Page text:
New Storm Names Unveiled In September Honour Irish Scientists

September Heralds New List of Storm Names

Stock image of typhoon. Credit: Artsiom P/

Starting today the new list of storm names has been unveiled in honour of some of the greatest minds from Ireland.

Weather authorities in Ireland, the UK, and the Netherlands have unveiled the roster of storm names for the 2023/2024 season, effective from 1 September, according to The Independent.

Ireland’s Met Eireann has opted to commemorate scientists who have significantly impacted science and humanity. The names selected by Met Eireann include Agnes, Fergus, Jocelyn, Kathleen, Lilian, Nicholas, and Vincent.

The Scientists Behind The Names

These names pay homage to Irish astronomer Agnes Mary Clerke; entomologist Fergus O’Rourke, known for his comprehensive study of Irish ants; and Jocelyn Bell Burnell, a Northern Irish astrophysicist who identified the first pulsating radio stars in 1967. Also on the list are Kathleen ‘Kay’ McNulty Mauchly Antonelli, a pioneering figure in computer programming.

More Names, More Stories

Additional names honour Kathleen Lonsdale, an Irish crystallographer; Lilian Bland, the first Irish woman to construct and pilot an aircraft; Nicholas Callan, a physicist who invented the induction coil; and Vincent Barry, renowned for developing the anti-leprosy drug clofazimine.

Professor Bell Burnell said: ‘I am delighted to feature in this distinguished list celebrating science and hope that if a potential Storm Jocelyn happens, it may be a useful stirring-up rather than a destructive event.’

Public Involvement And Future Plans

Eoin Sherlock, the chief of the forecasting division at Met Eireann, expressed his gratitude to the public for voting on the name for the first storm, which will be Agnes. ‘Our warmest thanks to all who voted and to those who suggested other names that we will keep in mind for future seasons,’ Mr Sherlock said.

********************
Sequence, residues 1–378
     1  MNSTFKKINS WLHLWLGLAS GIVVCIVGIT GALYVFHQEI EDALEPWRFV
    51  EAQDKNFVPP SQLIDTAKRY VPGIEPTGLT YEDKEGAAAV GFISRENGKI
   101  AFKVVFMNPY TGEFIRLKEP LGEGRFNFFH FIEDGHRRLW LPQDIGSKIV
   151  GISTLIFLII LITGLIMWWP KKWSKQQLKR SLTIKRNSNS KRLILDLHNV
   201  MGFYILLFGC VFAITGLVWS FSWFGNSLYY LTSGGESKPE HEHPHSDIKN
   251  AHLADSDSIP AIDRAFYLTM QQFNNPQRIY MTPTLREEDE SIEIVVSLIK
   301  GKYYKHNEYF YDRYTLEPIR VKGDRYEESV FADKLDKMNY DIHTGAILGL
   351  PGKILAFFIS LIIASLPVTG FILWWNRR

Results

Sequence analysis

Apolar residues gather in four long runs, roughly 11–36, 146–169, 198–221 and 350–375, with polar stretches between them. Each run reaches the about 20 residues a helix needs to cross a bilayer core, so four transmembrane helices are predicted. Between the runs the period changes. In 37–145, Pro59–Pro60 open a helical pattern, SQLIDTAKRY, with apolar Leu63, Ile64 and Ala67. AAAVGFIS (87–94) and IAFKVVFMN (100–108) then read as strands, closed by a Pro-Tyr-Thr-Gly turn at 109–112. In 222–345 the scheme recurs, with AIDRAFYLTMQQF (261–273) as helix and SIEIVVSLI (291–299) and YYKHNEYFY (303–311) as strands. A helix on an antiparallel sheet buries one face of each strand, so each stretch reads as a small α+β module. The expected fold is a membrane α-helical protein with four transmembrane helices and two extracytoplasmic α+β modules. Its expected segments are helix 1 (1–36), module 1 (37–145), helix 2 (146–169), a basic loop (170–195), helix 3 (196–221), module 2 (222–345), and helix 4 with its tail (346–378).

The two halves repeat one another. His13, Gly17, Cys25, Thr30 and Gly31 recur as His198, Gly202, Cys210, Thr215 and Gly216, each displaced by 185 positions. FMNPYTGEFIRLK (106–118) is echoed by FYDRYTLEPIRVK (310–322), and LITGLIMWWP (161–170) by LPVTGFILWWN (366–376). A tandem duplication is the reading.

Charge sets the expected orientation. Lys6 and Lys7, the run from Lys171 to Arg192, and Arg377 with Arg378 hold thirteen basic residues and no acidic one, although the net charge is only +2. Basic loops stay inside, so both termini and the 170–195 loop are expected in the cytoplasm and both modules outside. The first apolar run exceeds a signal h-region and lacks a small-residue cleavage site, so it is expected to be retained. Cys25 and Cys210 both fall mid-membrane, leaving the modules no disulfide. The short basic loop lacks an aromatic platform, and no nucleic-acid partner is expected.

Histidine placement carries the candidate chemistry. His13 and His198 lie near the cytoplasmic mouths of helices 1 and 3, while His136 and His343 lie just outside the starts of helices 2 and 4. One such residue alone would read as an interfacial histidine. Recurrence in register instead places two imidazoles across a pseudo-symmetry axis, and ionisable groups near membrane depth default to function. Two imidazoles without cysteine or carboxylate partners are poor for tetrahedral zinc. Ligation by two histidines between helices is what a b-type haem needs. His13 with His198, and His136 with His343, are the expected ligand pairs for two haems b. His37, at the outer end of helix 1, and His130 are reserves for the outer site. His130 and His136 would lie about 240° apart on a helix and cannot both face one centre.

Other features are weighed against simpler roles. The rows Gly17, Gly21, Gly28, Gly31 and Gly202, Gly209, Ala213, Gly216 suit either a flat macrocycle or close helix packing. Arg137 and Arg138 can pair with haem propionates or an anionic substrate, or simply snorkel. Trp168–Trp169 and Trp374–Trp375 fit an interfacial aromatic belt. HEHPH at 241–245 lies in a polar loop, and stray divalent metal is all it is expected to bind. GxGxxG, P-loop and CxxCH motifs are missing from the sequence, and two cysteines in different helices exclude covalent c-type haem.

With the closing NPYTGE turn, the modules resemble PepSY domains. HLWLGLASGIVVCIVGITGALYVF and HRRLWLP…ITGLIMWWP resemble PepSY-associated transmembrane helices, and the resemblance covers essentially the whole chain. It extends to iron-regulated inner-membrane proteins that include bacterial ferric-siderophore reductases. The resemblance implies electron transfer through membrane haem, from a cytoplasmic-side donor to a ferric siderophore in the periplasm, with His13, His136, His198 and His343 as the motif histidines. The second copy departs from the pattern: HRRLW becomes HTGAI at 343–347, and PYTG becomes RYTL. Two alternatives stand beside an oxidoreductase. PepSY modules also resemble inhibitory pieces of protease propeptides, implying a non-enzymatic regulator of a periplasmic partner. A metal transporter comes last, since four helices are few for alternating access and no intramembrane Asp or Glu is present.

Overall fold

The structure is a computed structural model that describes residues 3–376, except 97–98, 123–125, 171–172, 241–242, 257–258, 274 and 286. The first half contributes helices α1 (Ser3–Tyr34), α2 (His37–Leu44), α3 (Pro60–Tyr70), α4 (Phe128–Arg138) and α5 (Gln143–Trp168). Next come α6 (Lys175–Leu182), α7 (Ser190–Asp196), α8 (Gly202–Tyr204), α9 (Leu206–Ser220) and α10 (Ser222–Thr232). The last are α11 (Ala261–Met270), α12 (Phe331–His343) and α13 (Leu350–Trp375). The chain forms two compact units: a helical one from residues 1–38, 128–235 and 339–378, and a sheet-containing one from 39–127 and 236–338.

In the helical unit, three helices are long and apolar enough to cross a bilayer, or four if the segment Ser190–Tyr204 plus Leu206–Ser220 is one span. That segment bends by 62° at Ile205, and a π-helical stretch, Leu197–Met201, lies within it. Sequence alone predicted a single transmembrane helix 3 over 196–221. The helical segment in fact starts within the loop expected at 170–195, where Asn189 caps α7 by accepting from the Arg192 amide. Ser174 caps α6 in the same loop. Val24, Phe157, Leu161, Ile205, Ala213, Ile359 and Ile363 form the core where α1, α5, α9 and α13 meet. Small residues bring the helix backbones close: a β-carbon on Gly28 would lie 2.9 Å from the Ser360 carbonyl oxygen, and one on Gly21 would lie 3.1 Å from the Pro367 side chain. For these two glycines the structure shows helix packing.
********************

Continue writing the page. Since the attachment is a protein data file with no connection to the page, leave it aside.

The Importance Of Naming Storms

He emphasised that naming storms serves as a crucial tool for clearer and more effective communication about severe weather conditions. ‘It connects our weather services more closely to the public, helping us in our mission to protect lives and property and ensuring the safety of our communities,’ he added.

Storms receive names when they are expected to have a medium to high impact in Ireland, the UK, or the Netherlands, aiding in public awareness and preparation for extreme weather events.

Thank you for taking the time to read this article. Do remember to come back and check The Euro Weekly News website for all your up-to-date local and international news stories and remember, you can also follow us on Facebook and Instagram.

Written by

John Ensor

Originally from Doncaster, Yorkshire, John now lives in Galicia, Northern Spain with his wife Nina. He is passionate about news, music, cycling and animals.